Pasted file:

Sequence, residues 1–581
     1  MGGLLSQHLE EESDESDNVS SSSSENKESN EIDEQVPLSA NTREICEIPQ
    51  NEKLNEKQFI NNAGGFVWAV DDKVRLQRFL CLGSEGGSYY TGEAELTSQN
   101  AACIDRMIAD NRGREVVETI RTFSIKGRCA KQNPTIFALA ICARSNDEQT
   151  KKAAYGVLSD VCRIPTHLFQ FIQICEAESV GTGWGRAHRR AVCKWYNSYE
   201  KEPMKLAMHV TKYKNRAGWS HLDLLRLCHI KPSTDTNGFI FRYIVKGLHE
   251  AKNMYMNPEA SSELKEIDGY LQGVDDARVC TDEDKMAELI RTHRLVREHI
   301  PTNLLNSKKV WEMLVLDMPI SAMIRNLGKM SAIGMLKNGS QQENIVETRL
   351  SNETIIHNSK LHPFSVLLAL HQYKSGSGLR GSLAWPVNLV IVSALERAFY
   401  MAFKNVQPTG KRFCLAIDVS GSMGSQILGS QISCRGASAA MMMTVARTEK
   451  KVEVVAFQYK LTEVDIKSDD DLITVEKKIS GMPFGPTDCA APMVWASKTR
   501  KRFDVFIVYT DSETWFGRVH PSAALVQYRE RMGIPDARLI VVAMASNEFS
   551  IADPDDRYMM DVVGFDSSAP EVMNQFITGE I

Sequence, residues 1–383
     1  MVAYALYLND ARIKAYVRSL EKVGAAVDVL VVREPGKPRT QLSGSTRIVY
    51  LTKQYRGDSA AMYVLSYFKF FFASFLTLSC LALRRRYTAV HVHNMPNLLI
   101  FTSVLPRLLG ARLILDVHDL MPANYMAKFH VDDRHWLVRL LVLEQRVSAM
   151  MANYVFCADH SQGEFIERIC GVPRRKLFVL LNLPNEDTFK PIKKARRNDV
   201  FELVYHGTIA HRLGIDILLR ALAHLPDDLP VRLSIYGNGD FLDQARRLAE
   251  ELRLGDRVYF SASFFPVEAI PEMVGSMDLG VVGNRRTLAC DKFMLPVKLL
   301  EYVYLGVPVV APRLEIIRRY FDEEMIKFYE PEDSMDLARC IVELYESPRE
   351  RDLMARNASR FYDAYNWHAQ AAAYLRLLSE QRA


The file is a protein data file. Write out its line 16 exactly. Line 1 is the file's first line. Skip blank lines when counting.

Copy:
    51  LTKQYRGDSA AMYVLSYFKF FFASFLTLSC LALRRRYTAV HVHNMPNLLI